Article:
Humberto Fontova

That National Public Radio has nice things to say about socialism shouldn’t be surprising. After all, “Federal funding is essential to public radio's service to the American public,” explains NPR’s own website. “Elimination of federal funding would result in fewer programs, less journalism…and eventually the loss of public radio stations.”

NPR’s brand of journalism came under fire most recently when Republican Senators Jim DeMint and Tom Coburn sponsored a bill in 2011 to defund the Corporation of Public Broadcasting. “Since 2001, the Corporation for Public Broadcasting, which funds programming for National Public Radio and the Public Broadcasting Service, has received nearly $4 billion in taxpayer money, “ explained Senator DeMint at the time. “There’s simply no reason to force taxpayers to subsidize liberal programming they disagree with.”

Liberal programming on the dime of unwitting conservative donors is bad enough. Flat-out KGB-mentored propaganda on behalf of a terror-sponsoring regime that murdered more political prisoners than pre-war Hitler's, jailed political prisoners at a higher rate than Stalin's and came closest of any in history to wantonly igniting a thermo-nuclear war cranks up the offense several notches. Or should.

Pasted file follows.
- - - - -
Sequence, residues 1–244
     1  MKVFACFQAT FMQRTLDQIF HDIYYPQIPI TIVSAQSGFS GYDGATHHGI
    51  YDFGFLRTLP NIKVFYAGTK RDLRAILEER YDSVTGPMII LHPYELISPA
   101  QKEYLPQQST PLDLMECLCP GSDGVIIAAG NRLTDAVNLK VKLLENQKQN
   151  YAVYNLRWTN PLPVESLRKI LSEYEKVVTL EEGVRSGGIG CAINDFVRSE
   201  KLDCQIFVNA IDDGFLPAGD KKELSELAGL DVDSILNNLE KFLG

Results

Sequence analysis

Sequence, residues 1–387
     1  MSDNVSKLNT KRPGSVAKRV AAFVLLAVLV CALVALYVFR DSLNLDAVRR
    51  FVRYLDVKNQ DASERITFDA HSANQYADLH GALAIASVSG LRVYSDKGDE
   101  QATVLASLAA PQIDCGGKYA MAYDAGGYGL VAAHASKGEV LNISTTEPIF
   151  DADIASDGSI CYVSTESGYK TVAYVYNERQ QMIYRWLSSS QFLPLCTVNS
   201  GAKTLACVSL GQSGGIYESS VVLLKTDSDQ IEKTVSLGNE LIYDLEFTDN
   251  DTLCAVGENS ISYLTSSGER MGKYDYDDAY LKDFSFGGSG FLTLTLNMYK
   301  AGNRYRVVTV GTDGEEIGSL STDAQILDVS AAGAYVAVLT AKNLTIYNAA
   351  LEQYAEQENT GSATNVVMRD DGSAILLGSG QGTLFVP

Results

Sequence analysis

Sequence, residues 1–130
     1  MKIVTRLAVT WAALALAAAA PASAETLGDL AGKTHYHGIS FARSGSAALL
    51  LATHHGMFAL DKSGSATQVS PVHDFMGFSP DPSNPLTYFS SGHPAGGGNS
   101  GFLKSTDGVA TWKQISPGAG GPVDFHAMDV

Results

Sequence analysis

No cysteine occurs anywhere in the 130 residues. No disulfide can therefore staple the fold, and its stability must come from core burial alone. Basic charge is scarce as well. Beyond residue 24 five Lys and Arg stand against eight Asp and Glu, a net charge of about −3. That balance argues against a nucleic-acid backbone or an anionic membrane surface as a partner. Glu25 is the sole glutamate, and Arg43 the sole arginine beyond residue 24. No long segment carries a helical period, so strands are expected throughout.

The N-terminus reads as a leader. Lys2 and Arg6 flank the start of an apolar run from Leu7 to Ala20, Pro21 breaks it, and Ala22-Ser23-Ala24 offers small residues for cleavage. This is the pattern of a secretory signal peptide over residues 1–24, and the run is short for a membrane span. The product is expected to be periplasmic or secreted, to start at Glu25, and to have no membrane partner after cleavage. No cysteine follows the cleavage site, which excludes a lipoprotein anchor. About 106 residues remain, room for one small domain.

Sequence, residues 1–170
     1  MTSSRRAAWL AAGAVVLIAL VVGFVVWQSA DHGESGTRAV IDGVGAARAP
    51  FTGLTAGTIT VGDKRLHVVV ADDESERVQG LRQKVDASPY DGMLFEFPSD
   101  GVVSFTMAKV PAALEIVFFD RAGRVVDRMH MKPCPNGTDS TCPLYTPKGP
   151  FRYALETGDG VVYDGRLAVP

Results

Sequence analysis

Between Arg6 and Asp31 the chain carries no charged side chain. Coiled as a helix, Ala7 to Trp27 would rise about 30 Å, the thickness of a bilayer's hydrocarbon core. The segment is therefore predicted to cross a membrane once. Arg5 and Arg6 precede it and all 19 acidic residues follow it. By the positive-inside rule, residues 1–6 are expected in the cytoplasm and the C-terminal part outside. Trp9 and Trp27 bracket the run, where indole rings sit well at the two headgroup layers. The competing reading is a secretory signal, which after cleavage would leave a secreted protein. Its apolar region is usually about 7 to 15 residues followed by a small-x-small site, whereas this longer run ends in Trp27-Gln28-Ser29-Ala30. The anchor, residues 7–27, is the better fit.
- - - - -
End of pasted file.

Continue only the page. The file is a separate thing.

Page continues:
Even pinkos should be offended by NPR’s latest infomercials on behalf of the Castro-regime, if not by the content, then by the cartoonish and unprofessional presentation of the propaganda. This week NPR’s Morning Edition host David Greene hosted a report from Cuba featuring an interview with a Cuban “man-on-the-street”:

"I was born in 1947, under capitalism," Landin says. "(Cuba) used to be a pot of crickets. It was the saddest place on earth."

He wants to be sure we understand how Cuba was before the revolution.

"Have you been to Haiti? That's what Cuba used to look like. A few people were rich, and everyone else was starving.”

See Spot run. See Dick and Jane play. “Good grief, NPR!” Castro himself might wince. “I know you mean well. And it’s one thing to earn your Havana bureau. But please, some subtlety and maturity would help. You sound like Igor complimenting his master.”


Humberto Fontova

Humberto Fontova holds an M.A. in Latin American Studies from Tulane University and is the author of four books including his latest, The Longest Romance; The Mainstream Media and Fidel Castro. For more information and for video clips of his Television and college speaking appearances please visit www.hfontova.com.